LaHISTORY: A Senator With Two Artificial Arms

In 1876 the ultra-conservative Redeemer Democrats were only one vote away from having control of the Louisiana Senate.

As a means to bringing about that majority, the most radical members of that faction targeted for assassination then-Sen. Marshal Harvey Twitchell, a Republican and former Union Army soldier.

Twitchell was a carpetbagger from Vermont who represented Red River Parish in the upper chamber. He was elected largely because of strong support from the black community in his district; Twitchell considered many free men of color his personal friends.

The assassin hired by the Redeemer Democrats went after Twitchell with a rifle and put six rounds into the senator. His brother was murdered during the attack, but Twitchell managed to play dead so convincingly that the assassin made his exit without firing another shot.

Twitchell’s two arms took on most of the bullets somehow, and both had to be amputated above the elbows. Surprisingly he finished his term with a pair of wooden artificial arms, both of which were fashioned to hold a pen or a fork.

Twitchell eventually returned to his home state of Vermont and married his second wife, who was also his childhood sweetheart.

He also went on to be appointed by both President Rutherford B. Hayes and President Grover Cleveland as the American consul to Kingston in Canada, where he died at the age 65.

His memoir, “Carpetbagger From Vermont,” was published in 1989.

***This story was originally published in The Tuesday Tracker one year ago this week…

Alford: Why LaPOLITICS Needs Your Help

A Personal Appeal from Jeremy Alford You may have heard about a fundraiser scheduled for next week (on Tuesday, March 27) for CC73, a

Rabalais: Hale Boggs Runs Afoul of Hoover and the FBI

In the spring of 1971, Congressman Hale Boggs of New Orleans, then the House majority leader, was making moves on Capitol Hill. A well

Waiting on HB2

Louisiana’s annual construction bill is expected to be read into the House later today, kicking off a process that is just as riddled with

Political Chatter

— Rep. Jay Morris is stepping up and speaking out about his concerns about a proposed constitutional convention. And he has a slick web

AS SEEN ON TWITTER: Lawmakers Split On Convention

— Rep. Jay Morris (@JayJaymorris3): Beware of a new constitution. All those pushing for it are aiming at the middle class. Noticeably no one

Alford: Looking for a Little Womentum

I was sitting inside Woman’s Hospital in Baton Rouge 11 years ago this week, holding my newborn daughter, Zoe, while watching then-Gov.

Gamard’s Beltway Beat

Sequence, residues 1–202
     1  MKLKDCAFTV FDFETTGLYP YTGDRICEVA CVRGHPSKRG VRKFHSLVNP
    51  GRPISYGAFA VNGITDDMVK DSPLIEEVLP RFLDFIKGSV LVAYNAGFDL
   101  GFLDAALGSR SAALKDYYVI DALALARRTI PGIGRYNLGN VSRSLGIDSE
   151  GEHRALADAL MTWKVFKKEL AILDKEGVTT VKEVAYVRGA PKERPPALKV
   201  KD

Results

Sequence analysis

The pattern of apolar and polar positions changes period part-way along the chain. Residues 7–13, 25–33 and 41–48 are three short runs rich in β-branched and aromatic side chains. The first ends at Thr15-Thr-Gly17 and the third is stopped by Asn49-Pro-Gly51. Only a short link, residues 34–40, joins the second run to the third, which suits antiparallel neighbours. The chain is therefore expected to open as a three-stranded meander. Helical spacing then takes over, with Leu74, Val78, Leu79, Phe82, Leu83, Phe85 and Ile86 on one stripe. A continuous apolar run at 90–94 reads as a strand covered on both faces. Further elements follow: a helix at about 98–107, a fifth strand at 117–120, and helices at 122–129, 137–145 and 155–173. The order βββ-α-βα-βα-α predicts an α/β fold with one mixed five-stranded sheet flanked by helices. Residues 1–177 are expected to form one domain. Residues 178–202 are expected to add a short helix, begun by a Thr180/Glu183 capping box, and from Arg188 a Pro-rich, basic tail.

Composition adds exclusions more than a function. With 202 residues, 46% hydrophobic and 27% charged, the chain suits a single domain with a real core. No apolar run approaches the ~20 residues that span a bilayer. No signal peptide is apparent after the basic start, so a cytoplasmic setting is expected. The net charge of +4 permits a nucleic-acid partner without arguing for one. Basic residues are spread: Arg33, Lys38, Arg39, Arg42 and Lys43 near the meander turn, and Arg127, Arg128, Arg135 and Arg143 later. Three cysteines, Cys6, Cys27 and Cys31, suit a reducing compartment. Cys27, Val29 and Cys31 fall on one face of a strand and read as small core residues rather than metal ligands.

— U.S. Sen. Bill Cassidy has had a busy week. He sent several messages across federal agencies, including one asking for healthcare payment


— Tuesday 03/20: Rep. Sherman Mack, John Williams, Tony Perkins, late Gov. Oramel H. Simpson (1870) and Blake Corley — Wednesday 03/21:

LOWDOWN: Our Jailhouse Politicians

These days, it seems there’s always either a politician going to prison or getting out of prison. As the saying goes, half the state is

POD: New Kids on the Block

In this week’s episode of the LaPOLITICS Report, we talk to members of the Louisiana Republican Party about the future of the GOP and the

SPONSORED: The Picard Group Welcomes Hunter Hall

We are proud to announce that Hunter Hall has joined the federal affairs team at The Picard Group. Hunter brings a wealth of knowledge on

What’s Up With Session Stuff and What It Means for Politics and Stuff

1.) The news: Gov. John Bel Edwards is asking Speaker Taylor Barras and President John Alario to pass a resolution that sets an early or

A Conversation With Wildlife & Fisheries Secretary Jack Montoucet

Jeremy Alford: I do want to talk fees with you, but I have to ask…  Do you miss it (serving in the Legislature) at all? Secretary Jack

Political Chatter

— The five managed care organizations (MCOs) that are contracted with the state to provide Medicaid benefits and services have created a new

Alford: The Pace Of Things To Come

What happens when you take a Louisiana Legislature that’s earning a reputation for disfunction and tell its members that they have just nine

Rabalais: Plaquemines Parish’s “Little War of 1943”

On June 1, 1943, the Sheriff of Plaquemines Parish, Louis Dauterive, died suddenly. Instead of an orderly transition amid a period of

Gamard’s Beltway Beat

— U.S. Sen. Bill Cassidy is one of the lawmakers sponsoring a “school safety and mental health” bill that directs federal dollars for


— Tuesday 03/13: Former Congressman Joseph Cao, Rep. Valarie Hodges, Donald Hodge, Jessica Starns Debetaz and Phil Ranier — Wednesday

LOWDOWN: Louisiana’s Talented Politicians

We’ve finally reached the talent portion of The LaPolitics Lowdown. Which is fortunate. Because, believe us, you do not want to see all of

SPONSORED: Public-private hospital partnerships and their utmost importance to our state

Funding for Louisiana’s public-private hospital partnerships is in question, and it could have a dramatic effect on healthcare in Louisiana.

A Conversation With House Clerk Butch Speer

Jeremy Alford: So… Now what? House Clerk Butch Speer: Well, it’s true that legislatures all over the country — but this one in particular,

Rabalais: Rodrigue’s Reluctant Legacy

RABALAIS’ POLITICAL HISTORY Before George Rodrigue’s Blue Dog made Louisiana’s “I Voted” sticker a hot item, the late artist’s iconic

Political Chatter

— Andrew Bautsch is the new executive director of the Louisiana Republican Party. He was most recently with Causeway Solutions. — Former

Gamard’s Beltway Beat

— U.S. Sen. John Kennedy has introduced the Stop Trafficking in Fentanyl Act, named after a synthetic drug found in heroin: “We are at war

#HBD Trackers!

— Tuesday 03/06: Lauren Hebert Lee, Greg Meriwether and Jackie Tisdell — Wednesday 03/07: Julie Adams — Thursday 03/08: Former U.S. Sen.